Things We Say Differently

Before I moved to Philadelphia for school, I never heard the term “water ice.”  During orientation week, the brought us Rita’s and everyone was calling it water ice.  I was so confused.  We have Rita’s in Maryland but we call it Italian ice.  It even says it on their sign.  Water ice sounds so silly and redundant to me.  How can it be water and ice, a solid and a liquid, at the same time? -Ashby


When most people hear “pigs in a blanket” they think of those mini hot dogs wrapped in pastry. But, where I’m from, pigs in a blanket is a Polish cabbage roll stuffed with meat - also called golumpki. I was taken aback when first coming to school that absolutely no one had ever heard of it! - Kellyn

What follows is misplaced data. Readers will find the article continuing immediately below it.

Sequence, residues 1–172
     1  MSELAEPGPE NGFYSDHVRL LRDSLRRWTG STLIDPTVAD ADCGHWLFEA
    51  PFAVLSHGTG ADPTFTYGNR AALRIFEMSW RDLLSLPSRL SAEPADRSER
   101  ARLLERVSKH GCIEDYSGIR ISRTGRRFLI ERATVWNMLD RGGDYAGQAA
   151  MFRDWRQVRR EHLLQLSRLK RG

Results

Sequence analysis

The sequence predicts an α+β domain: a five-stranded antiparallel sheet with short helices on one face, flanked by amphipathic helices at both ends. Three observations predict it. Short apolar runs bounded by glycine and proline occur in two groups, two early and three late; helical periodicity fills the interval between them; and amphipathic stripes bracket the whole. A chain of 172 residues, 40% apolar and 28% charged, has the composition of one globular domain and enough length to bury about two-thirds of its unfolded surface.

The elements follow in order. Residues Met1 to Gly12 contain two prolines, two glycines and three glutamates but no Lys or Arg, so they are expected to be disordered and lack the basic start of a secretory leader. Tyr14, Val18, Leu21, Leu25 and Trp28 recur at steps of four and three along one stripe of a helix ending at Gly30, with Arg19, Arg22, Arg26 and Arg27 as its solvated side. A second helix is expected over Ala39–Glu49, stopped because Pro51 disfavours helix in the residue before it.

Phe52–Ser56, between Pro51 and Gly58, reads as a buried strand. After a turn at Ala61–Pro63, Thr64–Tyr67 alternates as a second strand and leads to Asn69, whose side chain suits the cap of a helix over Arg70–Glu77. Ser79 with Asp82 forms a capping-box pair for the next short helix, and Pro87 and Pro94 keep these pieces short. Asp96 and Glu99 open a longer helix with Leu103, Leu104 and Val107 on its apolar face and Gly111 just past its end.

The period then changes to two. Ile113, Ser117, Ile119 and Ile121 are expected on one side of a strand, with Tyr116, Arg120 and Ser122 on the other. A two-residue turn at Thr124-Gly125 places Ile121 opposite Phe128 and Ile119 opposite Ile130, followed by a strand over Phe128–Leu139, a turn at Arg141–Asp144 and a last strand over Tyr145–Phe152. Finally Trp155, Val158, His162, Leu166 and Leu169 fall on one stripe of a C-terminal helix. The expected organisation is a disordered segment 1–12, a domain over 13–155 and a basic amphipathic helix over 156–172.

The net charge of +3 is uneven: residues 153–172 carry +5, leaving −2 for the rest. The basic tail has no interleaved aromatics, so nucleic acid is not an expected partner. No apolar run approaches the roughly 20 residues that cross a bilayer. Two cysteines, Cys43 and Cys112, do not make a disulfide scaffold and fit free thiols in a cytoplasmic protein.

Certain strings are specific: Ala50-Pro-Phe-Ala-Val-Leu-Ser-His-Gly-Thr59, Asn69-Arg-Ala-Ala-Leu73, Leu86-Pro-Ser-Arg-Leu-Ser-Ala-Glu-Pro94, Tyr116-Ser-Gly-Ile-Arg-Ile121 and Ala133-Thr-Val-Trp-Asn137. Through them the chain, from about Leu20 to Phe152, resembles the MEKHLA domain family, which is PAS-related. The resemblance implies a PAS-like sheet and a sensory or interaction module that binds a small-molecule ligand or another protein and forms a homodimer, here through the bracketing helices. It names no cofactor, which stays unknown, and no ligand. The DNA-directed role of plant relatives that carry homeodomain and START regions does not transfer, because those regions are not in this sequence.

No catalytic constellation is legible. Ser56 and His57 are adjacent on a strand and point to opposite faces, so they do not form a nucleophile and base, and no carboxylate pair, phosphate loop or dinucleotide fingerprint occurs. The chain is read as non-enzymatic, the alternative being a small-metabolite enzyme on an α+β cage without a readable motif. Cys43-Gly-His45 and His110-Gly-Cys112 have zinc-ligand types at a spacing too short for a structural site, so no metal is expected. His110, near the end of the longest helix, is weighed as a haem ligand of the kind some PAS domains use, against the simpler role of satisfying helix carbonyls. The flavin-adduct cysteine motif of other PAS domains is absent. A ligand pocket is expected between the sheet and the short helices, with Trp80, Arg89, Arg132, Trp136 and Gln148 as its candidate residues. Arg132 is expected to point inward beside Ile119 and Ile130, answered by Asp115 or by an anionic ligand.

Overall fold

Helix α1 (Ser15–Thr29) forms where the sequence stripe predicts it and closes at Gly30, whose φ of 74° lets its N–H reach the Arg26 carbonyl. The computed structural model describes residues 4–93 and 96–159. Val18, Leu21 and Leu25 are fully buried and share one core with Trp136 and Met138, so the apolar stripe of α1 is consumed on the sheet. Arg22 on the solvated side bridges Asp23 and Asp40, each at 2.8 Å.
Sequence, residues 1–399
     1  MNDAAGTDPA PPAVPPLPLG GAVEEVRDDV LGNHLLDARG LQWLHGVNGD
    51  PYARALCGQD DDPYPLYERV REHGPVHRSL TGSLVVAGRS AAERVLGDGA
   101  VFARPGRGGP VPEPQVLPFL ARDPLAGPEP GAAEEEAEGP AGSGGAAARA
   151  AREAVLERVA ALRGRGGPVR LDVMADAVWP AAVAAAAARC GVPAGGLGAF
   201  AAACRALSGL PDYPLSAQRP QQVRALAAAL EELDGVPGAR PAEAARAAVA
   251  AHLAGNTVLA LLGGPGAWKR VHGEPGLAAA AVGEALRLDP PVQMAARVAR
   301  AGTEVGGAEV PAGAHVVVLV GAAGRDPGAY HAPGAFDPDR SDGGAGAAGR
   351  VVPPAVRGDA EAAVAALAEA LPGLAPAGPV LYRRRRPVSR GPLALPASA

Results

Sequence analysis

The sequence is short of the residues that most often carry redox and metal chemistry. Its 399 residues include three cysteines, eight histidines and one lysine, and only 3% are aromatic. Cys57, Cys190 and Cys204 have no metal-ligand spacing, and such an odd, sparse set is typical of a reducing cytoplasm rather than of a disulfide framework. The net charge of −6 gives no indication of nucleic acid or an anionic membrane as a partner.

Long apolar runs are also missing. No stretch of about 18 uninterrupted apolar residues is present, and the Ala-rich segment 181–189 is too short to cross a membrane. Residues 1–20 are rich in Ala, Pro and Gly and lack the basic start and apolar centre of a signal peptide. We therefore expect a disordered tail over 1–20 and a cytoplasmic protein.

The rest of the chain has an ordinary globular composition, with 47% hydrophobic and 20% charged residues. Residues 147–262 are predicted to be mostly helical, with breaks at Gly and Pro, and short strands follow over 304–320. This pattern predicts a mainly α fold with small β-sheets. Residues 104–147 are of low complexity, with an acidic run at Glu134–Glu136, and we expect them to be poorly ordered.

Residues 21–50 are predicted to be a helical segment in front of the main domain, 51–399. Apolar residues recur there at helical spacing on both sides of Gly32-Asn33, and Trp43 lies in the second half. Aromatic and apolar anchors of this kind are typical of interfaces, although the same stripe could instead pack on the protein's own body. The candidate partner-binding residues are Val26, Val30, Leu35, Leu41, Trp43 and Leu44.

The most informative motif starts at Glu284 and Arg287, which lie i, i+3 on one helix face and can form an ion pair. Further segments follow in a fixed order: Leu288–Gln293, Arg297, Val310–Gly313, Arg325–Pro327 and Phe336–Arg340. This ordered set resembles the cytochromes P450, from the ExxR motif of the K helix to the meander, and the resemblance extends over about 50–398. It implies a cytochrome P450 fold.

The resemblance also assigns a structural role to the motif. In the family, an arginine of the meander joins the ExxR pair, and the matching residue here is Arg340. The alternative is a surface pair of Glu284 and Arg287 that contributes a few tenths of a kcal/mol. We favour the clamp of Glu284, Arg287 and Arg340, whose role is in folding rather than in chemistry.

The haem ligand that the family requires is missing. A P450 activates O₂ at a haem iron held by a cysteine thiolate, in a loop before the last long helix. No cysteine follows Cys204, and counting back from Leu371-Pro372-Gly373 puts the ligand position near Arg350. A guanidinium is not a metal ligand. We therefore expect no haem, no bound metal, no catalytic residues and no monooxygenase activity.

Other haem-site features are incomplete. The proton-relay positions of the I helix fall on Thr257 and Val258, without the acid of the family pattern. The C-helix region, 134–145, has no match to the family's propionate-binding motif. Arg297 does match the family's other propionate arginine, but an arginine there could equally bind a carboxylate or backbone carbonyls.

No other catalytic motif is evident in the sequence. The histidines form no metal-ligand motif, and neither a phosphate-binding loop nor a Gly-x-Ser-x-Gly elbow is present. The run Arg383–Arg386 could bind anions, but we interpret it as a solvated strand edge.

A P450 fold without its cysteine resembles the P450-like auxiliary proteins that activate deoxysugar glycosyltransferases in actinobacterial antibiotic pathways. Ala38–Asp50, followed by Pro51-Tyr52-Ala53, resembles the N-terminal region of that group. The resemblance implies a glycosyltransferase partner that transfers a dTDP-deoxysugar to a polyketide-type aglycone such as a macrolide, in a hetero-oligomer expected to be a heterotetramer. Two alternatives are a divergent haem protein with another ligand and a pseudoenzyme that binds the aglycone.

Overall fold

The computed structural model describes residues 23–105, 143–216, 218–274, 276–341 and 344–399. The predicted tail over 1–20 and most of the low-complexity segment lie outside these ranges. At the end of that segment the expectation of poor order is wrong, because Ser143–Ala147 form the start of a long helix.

Being from the Philadelphia area, there are a lot of words that I hear on a daily basis from my friends and family that I used to think were just basic English. Later on, I found that they are pretty much only used by Philadelphians. Words like jimmies (sprinkles), hoagie (sub), water ice (Italian ice), tap Mac (use an ATM) and jawn (could mean literally anything) are all foreign words to the rest of the world. - Carly


Growing up, whenever my family ordered pizza they would always call it in and order “a plain pie.” In my mind, this has always been normal and the same as a cheese pizza. However, once I got to college, my friends always looked at me funny whenever I called a cheese pizza a plain pie. After discussing it, we found out that some people call it a “tray” of pizza. Weirdest thing I’ve ever heard! -Cora